29 setembro 2004


Why Google News signals the death of the online exclusive: the problem of trying to remember who was first has become completely irrelevant. Instead, the most popular news site on the Net - Google News - has created a system which is killing the value of the "exclusive" online.
The reason why is subtle, but simple. Google News works by automatically "aggregating" news from thousands of news and other sources around the Web every minute of the day, and then collecting those into "groups" around a topic headline such as "Sopranos, Angels hit high notes at Emmys", which detailed the recent Emmy Awards. Around that main link (to The Australian's website) were links to seven other online versions from different publications, and another link to what may be hundreds of similar reports.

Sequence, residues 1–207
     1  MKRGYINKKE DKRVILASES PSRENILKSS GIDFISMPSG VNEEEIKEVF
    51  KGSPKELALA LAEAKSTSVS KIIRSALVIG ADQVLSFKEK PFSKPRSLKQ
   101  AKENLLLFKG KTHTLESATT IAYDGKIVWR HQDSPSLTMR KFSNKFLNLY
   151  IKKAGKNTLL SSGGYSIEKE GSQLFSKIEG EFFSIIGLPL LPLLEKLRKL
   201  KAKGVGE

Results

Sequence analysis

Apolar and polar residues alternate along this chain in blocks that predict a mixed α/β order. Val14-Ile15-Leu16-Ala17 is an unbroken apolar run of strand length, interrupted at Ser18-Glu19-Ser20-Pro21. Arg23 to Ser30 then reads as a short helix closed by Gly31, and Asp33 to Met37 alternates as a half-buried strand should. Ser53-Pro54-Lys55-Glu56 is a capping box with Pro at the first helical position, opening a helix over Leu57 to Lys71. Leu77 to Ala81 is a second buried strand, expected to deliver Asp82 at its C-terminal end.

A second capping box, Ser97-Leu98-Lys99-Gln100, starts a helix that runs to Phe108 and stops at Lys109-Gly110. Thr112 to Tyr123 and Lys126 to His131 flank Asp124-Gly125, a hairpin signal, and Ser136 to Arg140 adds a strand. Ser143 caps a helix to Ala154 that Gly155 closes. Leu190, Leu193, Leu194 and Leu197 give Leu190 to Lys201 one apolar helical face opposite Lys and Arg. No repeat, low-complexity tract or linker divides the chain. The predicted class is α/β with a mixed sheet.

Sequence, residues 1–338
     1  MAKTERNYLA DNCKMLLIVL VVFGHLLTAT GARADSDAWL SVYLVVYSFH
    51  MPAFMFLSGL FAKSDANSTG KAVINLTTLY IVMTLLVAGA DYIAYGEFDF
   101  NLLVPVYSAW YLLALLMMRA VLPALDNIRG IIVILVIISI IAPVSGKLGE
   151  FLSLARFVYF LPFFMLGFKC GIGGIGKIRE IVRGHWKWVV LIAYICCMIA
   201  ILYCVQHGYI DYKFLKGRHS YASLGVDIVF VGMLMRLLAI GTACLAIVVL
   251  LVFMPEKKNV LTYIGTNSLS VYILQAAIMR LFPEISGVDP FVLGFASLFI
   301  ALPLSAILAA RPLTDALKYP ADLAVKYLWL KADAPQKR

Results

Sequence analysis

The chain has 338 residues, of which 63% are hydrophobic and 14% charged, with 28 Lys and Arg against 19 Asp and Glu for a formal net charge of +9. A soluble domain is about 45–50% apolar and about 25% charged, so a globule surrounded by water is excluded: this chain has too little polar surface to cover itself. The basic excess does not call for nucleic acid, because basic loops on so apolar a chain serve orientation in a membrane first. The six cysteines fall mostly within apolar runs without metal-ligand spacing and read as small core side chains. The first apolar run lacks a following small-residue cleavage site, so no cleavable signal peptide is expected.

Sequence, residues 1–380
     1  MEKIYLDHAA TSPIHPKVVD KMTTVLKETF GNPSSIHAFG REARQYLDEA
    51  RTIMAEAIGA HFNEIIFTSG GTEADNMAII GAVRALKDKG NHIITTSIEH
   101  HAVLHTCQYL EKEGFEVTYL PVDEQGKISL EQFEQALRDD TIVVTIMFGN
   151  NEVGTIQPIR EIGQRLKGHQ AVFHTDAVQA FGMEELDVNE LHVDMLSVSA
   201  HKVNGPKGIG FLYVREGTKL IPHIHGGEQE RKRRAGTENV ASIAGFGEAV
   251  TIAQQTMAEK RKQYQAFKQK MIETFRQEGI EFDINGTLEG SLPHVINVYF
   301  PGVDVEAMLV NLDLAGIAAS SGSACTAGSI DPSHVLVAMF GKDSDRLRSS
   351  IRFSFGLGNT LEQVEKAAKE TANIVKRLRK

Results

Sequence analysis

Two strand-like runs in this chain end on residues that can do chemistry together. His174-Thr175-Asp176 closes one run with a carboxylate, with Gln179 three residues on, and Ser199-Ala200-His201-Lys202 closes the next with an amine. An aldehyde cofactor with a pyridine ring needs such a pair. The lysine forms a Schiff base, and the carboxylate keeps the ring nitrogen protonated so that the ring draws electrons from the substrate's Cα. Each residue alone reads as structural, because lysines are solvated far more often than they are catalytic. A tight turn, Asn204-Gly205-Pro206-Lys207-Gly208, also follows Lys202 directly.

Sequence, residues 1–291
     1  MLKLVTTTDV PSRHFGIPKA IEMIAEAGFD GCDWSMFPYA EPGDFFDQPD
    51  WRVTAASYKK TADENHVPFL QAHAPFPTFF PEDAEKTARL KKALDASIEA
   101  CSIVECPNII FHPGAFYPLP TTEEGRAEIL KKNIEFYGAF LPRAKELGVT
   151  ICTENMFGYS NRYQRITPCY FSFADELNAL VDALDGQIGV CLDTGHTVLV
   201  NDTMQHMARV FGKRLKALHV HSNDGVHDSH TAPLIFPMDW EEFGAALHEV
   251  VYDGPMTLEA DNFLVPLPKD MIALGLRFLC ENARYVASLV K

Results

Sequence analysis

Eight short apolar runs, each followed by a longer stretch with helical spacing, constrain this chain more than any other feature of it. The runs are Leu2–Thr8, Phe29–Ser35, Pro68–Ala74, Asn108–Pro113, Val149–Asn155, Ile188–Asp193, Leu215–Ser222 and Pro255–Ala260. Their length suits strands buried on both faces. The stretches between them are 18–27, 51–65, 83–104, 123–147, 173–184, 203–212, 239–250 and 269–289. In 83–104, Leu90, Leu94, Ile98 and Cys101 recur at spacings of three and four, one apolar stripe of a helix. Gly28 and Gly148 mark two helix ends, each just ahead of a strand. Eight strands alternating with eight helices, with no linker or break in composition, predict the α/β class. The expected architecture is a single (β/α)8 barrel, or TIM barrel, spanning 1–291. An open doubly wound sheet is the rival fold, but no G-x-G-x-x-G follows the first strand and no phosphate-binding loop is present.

And why was The Australian chosen for the top spot in the topic headline? Because it was the most recently updated of the websites carrying the story. But in the case of what starts out as an exclusive story, such as Abu Ghraib, the most recently updated site won't be the one which got the exclusive. It'll be the me-too site, probably reporting what's on the newswires, and adding it (perhaps automatically via a computer) to its site. The organisation that got the exclusive languishes, perversely, at the bottom of Google's huge list, in a place where nobody is ever likely to "click through" to it to see the adverts there.

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